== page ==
In the past year I’ve been really lucky to have had multiple opportunities to experiment with camper van travel – and I totally LOVE IT!
I’ve had three different adventure van trips with a very sweet man and camper van named Beluga. In Summer 2018 we traveled for four days on Vancouver Island, and in September 2018 we traveled for eight days from California to Arizona. And this past June we traveled for a few weeks from California, Arizona, and Utah between five national parks, three hot springs, many river campgrounds, and lots and lots of big trees. In fact, when I originally drafted this article, I was sitting above the North Rim of the Grand Canyon.
I love to travel, and I love to eat well. In this article, we’ll talk all about how to eat well on the road and best plan for camper van travel. Whether you’re a vegan or vegetarian, camper van meal planning is a bit easier than vegan backpacking, and offers a lot more opportunity – and no shortage of awesome views!
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Adventuring through Utah and Arizona 🌵with this lovely human. We visited Zion National Park, Bryce Canyon National Park, Lake Powell and Antelope Canyon (those swirly rock formations!), and North Rim Grand Canyon, and then Sedona. We’ve lucked out with awesome weather (super hot during the day and very chilly at night), and had tons of adventures finding the perfect campsite each night. Most nights we take advantage of free ‘boondocking’ sites that are not sanctioned campgrounds, like our super secret sunset Lake Powell spot and the forested beauty of Grand Canyon. Overwhelmed with gratitude for this beautiful southwest corner of the US and for all the FUN I have had on this trip with @personal.finance.coach 🌞
I’m settled at home now, and I have had some time to reflect on why I’ve enjoyed camper van life so much. And really, one of the main reasons I’ve taken to camper van life so happily is that it makes it super easy to maintain my healthy lifestyle while on the road – wherever we might be. Having good food and great green tea is a priority for me at home, and it’s really delightful when I can enjoy my favorite food and drinks while on the road.
Initially, I wasn’t sure what to cook while on the road, yet through experiments across the country, we’ve had some awesome meals. In this article I will detail some of the strategies we used on our trips to ensure that we have wholesome, delicious food everyday, along with some of the easy and delicious breakfast, lunch, and dinner recipes we made along the way.
How to Prepare for a Camper Van Trip
Often, when people plan for camping they base their meals on convenience foods: dehydrated foods, meals-ready-to-eat, and snacks. These are the primary foods on offer in general stores, national park towns, and ‘camp’ stores. But it doesn’t need to be the basis for your diet if you plan correctly and have a strong desire to cook under less-than-idea conditions.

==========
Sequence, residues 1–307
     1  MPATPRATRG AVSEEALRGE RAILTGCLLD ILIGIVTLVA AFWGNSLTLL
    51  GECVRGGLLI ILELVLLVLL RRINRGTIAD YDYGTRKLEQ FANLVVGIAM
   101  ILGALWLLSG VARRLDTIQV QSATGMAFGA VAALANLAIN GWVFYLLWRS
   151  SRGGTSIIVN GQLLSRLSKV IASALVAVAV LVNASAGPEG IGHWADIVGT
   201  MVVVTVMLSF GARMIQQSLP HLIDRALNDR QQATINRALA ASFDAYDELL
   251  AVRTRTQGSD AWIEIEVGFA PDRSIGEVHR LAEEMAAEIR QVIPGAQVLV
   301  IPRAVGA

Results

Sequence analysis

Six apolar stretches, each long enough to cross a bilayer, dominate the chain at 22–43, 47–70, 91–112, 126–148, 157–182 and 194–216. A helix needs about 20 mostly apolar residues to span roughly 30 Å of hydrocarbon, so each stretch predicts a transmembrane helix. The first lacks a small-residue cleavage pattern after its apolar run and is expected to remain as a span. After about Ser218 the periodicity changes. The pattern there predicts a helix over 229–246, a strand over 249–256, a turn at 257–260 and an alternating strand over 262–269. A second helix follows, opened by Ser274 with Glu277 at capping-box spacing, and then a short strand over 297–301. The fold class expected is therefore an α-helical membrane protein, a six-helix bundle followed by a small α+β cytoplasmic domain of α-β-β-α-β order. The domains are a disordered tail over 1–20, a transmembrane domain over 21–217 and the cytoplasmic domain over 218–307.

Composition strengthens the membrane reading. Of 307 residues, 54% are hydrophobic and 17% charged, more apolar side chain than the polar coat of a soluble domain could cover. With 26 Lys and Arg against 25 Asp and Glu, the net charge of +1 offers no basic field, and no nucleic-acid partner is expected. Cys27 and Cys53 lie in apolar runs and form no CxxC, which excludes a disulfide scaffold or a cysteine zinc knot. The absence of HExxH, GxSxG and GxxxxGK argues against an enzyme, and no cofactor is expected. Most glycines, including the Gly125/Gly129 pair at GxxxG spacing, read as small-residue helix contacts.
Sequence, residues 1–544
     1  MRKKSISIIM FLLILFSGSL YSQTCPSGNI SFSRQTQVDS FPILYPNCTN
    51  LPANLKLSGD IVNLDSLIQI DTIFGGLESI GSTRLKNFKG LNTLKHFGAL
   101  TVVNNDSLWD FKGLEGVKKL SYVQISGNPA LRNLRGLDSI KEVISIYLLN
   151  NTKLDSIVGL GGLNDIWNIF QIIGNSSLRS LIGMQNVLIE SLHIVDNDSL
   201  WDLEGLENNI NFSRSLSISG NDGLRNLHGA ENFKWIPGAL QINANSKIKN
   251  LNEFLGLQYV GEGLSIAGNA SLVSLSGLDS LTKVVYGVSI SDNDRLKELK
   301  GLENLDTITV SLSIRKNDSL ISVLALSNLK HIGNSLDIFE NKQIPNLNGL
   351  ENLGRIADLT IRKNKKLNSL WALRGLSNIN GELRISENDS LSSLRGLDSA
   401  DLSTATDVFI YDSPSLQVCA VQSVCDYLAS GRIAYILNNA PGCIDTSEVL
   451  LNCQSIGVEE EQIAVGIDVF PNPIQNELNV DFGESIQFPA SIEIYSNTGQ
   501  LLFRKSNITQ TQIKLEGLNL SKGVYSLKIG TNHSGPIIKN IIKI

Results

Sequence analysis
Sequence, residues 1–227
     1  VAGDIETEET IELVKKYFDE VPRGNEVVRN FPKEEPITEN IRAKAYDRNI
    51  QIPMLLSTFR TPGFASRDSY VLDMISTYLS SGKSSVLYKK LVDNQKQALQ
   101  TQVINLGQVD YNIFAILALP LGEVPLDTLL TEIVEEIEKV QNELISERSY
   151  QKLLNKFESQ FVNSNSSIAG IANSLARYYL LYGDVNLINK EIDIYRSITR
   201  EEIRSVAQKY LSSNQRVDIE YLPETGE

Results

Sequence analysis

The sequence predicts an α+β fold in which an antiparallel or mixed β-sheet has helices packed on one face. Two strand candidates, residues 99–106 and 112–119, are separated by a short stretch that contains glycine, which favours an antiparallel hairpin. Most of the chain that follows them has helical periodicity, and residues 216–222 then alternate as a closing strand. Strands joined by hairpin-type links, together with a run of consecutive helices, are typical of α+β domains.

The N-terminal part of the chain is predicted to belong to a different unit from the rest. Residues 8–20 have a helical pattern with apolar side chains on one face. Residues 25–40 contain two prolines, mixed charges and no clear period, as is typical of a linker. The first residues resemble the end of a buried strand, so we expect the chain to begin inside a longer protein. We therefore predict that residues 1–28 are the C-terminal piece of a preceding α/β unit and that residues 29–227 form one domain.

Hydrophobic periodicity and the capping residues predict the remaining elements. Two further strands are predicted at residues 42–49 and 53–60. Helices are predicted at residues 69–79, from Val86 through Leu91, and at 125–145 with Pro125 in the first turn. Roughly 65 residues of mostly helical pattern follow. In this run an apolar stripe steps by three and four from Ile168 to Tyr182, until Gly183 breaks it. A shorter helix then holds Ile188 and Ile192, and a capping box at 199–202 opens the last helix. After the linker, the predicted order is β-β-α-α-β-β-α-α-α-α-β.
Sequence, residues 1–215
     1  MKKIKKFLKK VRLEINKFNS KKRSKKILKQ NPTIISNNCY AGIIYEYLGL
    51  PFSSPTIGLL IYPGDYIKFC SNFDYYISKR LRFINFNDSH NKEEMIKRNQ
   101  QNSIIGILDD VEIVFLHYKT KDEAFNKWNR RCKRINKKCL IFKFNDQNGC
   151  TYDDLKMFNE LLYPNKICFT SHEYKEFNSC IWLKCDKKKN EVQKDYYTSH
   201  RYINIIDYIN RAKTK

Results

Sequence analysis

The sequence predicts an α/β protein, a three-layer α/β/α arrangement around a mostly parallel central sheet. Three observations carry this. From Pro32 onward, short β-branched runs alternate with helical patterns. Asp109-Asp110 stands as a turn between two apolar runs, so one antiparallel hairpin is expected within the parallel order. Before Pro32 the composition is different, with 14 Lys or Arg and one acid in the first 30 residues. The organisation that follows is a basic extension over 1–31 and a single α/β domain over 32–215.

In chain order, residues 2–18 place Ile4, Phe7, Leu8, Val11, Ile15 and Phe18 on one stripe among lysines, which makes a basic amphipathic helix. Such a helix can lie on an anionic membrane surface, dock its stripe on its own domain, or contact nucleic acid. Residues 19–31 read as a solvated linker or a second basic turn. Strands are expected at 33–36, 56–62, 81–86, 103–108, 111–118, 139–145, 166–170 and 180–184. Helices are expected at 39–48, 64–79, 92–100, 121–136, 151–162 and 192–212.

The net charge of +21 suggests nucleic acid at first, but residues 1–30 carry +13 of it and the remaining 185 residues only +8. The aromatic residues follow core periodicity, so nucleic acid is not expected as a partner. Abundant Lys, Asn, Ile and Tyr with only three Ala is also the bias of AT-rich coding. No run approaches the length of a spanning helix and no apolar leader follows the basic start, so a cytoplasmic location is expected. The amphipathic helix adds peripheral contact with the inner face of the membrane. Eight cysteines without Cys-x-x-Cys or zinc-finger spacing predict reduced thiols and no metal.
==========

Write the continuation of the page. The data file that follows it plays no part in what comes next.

What It’s Like to Cook in a Van
Our little van has a single gas burner stove (a Ninja stove), and a small mini fridge. I would say to eat your best on the road, having both of these things (a heating thing and a cooling thing) are pretty dang important. It means we have hot tea and coffee each morning, along with fresh fruits and crisp veggies every day. It also means I can bring along my favorite fridge staples like vegan cheese, sauerkraut, and coconut milk. With these conveniences of home on the road, it was easy to eat as good as we do at home, with just a few exceptions:
- We used more prepared foods than normal (canned beans, store-bought hummus and kraut, and some premade meals for quicker dinners. This meant slightly higher costs and some more plastic waste than I would have liked;
- We created much more simple meals: we have a very small cutting board and only one pan, so more involved meals (a relative concept, I know) are sparse. I used just 1-2 veggies per meal, rather than my standard 5 or more.
- We’re eating fewer organic options, as we’ve been sometimes limited to small town grocery stores.
- And forget washing veggies: water is limited and reserved for drinking and showers.
How to Plan Food for a Camper Van Trip
You got your park passes and hiking gear ready to go. Now it’s time for the fun part: planning for food!
First, do an inventory of your cooking options: do you have pots, pans, and cooking tools? How will you eat the foods: do you have bowls, plates, and utensils? In our van we use a non-Telfon, non-stick skillet and a pressure cooker that we mostly use as a saucepan. This mirrors what I have at home too: a pot for cooking grains and beans (and heating water), and a skillet to sauté veggies, warm leftovers or tortillas, and more.
Then, plan out food for each day. Assuming you need a breakfast, lunch, dinner and snack each day, what does that look like? How many days of oatmeal do you need? How many times will you eat kale during the trip? How much coffee fuels a day of travel? How many banana chips can I eat in between my singing marathons?